10 steps to set up an air quality programme

If you are concerned about air quality in you area, here is a 10 step process which might be helpful.

  1. Research your local area’s air quality information

2. Decide the objectives of your work

What you want to achieve will determine the approach you need to take. For example, our primary concern in Dorking is to raise our local residents awareness about air quality, because we believe that this will lead to their engagement and acceptance of climate change as an existential threat. Other groups may want to challenge their local authority on areas of concern. Obviously these are not mutually exclusive but these choices will particularly determine the monitoring method you select in Step 4.

So specific objectives might include

  1. Addressing local hotspots with the local authority (LA)
  2. Filling gaps in air quality information, either by your work or by lobbying the LA
  3. Raising awareness and engagement of residents so they become involved in action

3. Set up a team to carry out your programme

A team approach has many benefits particularly creativity and avoiding the vulnerability of over dependence on one or two individuals. In addition to all team members motivation, it is helpful to have skills in the team such as data analysis, an ability to find useful air quality resources and to keep up to date with air quality reports in the media.

4. Select the methods which you will use to monitor air quality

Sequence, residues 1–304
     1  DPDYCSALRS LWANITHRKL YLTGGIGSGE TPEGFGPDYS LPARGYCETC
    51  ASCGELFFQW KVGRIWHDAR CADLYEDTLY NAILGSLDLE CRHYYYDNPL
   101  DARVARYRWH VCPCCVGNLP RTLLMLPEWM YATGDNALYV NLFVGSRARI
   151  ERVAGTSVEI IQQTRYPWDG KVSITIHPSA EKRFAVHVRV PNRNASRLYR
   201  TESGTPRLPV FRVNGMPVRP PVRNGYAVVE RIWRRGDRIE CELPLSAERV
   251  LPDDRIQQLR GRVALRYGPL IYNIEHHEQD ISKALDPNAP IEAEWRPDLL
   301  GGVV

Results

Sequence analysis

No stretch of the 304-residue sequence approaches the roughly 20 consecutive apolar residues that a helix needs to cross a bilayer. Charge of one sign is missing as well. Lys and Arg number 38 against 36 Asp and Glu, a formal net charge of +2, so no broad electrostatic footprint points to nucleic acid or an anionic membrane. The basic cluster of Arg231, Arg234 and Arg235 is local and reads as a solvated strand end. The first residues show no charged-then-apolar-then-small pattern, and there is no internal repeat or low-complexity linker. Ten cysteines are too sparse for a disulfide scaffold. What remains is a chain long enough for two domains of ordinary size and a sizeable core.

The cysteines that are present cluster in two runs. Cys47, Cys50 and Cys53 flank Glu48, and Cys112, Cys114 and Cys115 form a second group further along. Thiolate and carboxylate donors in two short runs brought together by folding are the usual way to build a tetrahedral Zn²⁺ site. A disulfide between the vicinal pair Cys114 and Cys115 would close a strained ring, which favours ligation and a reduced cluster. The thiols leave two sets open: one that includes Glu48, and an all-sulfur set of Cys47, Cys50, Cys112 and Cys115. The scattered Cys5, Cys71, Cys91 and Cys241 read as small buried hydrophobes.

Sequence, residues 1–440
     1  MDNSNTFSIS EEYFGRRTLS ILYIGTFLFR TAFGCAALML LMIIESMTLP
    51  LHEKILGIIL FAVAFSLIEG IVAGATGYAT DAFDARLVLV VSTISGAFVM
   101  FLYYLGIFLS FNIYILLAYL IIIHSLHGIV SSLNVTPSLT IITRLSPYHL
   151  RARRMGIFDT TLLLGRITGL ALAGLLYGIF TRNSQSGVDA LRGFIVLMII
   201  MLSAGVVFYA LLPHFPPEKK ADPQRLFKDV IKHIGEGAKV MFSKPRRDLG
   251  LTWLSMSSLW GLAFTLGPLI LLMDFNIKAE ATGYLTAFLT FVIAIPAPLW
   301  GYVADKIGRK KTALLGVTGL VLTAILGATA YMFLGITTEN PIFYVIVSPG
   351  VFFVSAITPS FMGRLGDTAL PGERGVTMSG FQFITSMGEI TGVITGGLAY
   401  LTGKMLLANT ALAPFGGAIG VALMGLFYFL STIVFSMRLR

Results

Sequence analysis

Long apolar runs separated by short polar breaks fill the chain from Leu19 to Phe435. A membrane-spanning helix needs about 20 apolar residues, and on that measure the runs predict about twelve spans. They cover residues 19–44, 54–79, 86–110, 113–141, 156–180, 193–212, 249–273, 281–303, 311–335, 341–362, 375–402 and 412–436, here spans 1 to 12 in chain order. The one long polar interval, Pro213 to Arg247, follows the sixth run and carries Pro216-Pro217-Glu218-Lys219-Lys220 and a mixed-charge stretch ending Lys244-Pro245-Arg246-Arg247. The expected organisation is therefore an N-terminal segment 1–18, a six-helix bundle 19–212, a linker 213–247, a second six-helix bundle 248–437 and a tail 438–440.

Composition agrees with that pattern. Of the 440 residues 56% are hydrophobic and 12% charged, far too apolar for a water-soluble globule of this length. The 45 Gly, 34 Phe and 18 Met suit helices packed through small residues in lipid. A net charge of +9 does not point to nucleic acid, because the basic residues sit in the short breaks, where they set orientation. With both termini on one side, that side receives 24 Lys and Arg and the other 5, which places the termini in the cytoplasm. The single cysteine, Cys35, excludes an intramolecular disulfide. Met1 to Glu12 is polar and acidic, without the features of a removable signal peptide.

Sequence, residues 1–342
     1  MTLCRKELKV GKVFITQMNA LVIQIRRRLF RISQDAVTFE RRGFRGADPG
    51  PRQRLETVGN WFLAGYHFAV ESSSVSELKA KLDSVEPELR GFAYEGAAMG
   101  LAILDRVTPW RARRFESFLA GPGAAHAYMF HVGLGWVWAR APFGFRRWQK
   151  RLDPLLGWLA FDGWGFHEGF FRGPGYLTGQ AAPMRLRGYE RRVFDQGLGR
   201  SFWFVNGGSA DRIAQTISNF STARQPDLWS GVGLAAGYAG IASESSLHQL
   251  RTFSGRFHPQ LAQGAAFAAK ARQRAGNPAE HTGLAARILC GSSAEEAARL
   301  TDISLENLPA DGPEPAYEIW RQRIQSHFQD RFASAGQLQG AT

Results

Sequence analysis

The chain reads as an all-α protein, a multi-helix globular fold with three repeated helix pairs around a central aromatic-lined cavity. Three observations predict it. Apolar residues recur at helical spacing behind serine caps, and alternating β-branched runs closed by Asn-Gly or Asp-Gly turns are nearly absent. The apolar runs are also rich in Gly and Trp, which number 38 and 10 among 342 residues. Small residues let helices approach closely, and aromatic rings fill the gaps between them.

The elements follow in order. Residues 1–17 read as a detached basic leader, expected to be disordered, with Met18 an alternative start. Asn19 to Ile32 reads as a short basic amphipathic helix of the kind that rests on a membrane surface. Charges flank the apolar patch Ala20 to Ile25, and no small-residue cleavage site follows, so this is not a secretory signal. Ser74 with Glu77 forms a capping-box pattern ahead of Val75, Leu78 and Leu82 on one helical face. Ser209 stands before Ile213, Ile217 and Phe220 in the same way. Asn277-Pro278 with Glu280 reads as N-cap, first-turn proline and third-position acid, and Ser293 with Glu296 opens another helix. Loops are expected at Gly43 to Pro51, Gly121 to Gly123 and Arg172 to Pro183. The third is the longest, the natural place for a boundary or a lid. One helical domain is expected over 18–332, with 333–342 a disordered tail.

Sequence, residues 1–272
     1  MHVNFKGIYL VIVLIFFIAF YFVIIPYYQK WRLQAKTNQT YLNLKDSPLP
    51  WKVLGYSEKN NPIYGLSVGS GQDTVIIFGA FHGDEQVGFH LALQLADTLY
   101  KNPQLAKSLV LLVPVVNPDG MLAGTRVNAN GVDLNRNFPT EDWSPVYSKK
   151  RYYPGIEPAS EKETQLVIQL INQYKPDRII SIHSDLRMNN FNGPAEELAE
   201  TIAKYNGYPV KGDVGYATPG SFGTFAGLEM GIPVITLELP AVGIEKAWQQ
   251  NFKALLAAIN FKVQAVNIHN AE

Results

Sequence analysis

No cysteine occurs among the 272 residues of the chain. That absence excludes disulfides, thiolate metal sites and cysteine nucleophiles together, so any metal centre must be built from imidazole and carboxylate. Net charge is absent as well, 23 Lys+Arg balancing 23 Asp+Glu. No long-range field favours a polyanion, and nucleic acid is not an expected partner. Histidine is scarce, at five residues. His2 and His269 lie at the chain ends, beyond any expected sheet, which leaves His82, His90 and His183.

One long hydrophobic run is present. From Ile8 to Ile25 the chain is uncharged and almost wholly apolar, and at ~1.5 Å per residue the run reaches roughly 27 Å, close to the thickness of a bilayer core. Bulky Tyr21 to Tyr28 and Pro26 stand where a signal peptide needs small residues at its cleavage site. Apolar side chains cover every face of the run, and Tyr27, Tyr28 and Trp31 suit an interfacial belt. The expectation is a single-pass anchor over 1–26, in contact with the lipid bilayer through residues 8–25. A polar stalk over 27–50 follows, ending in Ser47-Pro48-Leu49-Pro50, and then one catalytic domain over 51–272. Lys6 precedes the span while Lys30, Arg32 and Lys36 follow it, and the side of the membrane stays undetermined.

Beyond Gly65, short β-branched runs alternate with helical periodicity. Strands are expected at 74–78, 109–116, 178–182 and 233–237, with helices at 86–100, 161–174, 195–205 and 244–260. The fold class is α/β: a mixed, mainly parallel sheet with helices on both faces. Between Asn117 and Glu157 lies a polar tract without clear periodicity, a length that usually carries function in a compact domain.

As our primary objective is to engage with residents on air quality, we chose to use Breezometer, which has a mobile phone app. It is free and can measure air pollution levels in any location, irrespective of your location. We hope that residents will begin to use the app.No doubt there are other similar free apps which are also readily accessible.

5. Using the air quality monitor

Using Breezometer, we had to decide which pollutants to measure. We chose to record all six pollutants listed – ozone, carbon monoxide, sulphur dioxide, nitrogen dioxide, PM10 and PM 2.5 – and omitted the overall index, which often gave counter intuitive results.

Whilst we accepted that there was a trade off between ease of use and accuracy, we wanted to understand how accurate Breezometer was. This is ongoing research. If you want to know more, please contact us. We use the data to highlight potential local hotspots and to fill the gaps where local authority data is limited or non existent.

6. Decide the locations you will monitor to achieve your objectives

Based on the local authority report, our own sense of local hotspots and locations of particular interest – schools, motorway junction, remote countryside, drilling site- we chose up to 15 locations to monitor

7. Carry out the monitoring programme

To catch rush hour times, we took readings at 9am, 1300 and 1800 for a week, including weekends. It takes about 10 minutes to monitor and record 3 locations. Setting an alarm on your phone minimises blank data.

8. Analyse the results using e.g. Excel

In a week, we took nearly 2000 readings . It is essential to record and analyse the data using a spreadsheet. This means that, when you repeat the exercise to check how AQ is changing, it is easy to compare periods.

We decided to focus on three pollutants – nitrogen dioxide and the two particulates, but retain the data on the other pollutants for potential later use

9. Communicate the results of your investigation

There are four target groups

  • the media ( who have published our results on their front page on our first two reports ( see Every Breath We Take).
  • our local XR group so they can take outreach opportunities and direct action
  • The local authority to discuss what they are doing as a result of our work
  • Local resident groups who are interested in air pollution

10. Take action on your results

Review, replan, act and share your learning and progress with other XR groups

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